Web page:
The Bill of Rights and the 14th Amendment and States Rights

Discussion in 'Judicial Interpretation' started by Dante, Dec 28, 2014.

  1. Dante
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    Dante On leave Supporting Member

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    You're projecting way too much with rants about 'gotcha' threads and posts. The thread is about
    The Bill of Rights and the 14th Amendment and States Rights.

    The thread was started with the obvious intent (if skullduggery projection is left home) of finding out what people believe and know about the issues
     
  2. Nutz
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    Nutz BANNED

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    People will always use the *Founders argument and people will always use the "Living Document" argument. I don't think either argument should be diminished because they are both valid. That is what is great about out Constitution and Republic...we are able to consider universal and contemporary factors to interpret law and the vision of our forefathers.
     
  3. Dekster
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    Dekster Gold Member

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    I think it is implicit that the fifth amendment takings provisions incorporated the intent for the same to apply to the state because it indicates "public use" generically (as opposed to federal use"). I also do not believe that one could argue with any degree of logic that "private property" concepts would ever be construed to be "only subject to the government just staying screw you and taking it without paying you a cent." Obviously though, property in that sense is confined to real estate.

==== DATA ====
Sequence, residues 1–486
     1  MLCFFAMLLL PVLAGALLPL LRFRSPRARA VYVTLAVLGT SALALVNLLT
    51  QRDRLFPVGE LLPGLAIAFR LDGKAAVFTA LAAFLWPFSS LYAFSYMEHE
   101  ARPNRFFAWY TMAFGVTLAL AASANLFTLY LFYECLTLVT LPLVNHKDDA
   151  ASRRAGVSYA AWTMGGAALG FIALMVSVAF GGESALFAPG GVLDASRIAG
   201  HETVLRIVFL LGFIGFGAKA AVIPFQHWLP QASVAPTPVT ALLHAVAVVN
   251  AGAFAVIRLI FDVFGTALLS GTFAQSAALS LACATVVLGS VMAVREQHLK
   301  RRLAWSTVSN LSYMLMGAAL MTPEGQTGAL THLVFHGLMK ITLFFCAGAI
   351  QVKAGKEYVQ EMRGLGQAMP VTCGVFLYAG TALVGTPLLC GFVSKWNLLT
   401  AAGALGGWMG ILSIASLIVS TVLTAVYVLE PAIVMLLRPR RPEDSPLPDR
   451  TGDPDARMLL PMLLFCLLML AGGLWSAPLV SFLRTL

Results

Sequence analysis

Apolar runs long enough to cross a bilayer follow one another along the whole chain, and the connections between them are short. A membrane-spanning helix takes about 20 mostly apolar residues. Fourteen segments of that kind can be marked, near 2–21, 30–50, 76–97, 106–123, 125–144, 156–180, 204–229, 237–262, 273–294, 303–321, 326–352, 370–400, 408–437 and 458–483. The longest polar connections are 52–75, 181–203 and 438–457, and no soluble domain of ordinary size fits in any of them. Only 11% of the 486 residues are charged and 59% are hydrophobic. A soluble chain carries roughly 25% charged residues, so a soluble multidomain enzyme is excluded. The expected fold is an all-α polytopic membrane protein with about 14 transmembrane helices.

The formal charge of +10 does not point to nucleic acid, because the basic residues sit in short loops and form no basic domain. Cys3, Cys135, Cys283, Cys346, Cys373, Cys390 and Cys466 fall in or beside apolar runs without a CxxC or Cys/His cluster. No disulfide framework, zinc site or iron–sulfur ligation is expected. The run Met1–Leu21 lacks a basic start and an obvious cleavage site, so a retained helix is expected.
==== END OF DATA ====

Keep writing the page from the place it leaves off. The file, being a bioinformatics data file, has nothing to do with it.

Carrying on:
4. Dante
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    Dante On leave Supporting Member

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    One point was the Founders who won out, never intended the Bill of Rights to restrict state governments. Think about that next time somebody appeals to their beliefs, wisdom, and ideals. I make no value judgement on it. Just state the fact. Why? Because it can be used to expose the folly of others
     
  5. Dante
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    Dante On leave Supporting Member

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    Yet the Marshall Court ruled: The provision in the Fifth Amendment to the Constitution of the United States declaring that private property shall not be taken for public use without just compensation is intended solely as a limitation on the exercise of power by the Government of the United States, and is not applicable to the legislation of the States.

    It wasn't just about real estate
     
  6. Dekster
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    Dekster Gold Member

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    You need to make up your mind what you are asking then if you want to have a discussion. Your OP asks about what the framer's intended, not what the Supreme Court ruled 44 years later.
     
  7. Dante
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    The Founders asked the Supreme Court to rule. They agreed to abide by the ruling
     
  8. Dante
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    Dante On leave Supporting Member

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    The Marshall Court did not rule 44 years later

    referencing:
    Barron v. Mayor & City Council of Baltimore ()
    Syllabus
    Barron v. Mayor City Council of Baltimore LII Legal Information Institute
     
  9. Dekster
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    Dekster Gold Member

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    Barron decided 1833, constitution ratified 1789. 1833-1789=44 years


    Troll your arse with your thumb as I am done with your haterade
     
  10. Dante
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    Dante On leave Supporting Member

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    December 15, 1791 = not 44 years

    On December 15, 1791, Articles Three–Twelve, having been ratified by the required number of states, became Amendments One–Ten of the Constitution. Barron decided 1833. = not 44 years
     

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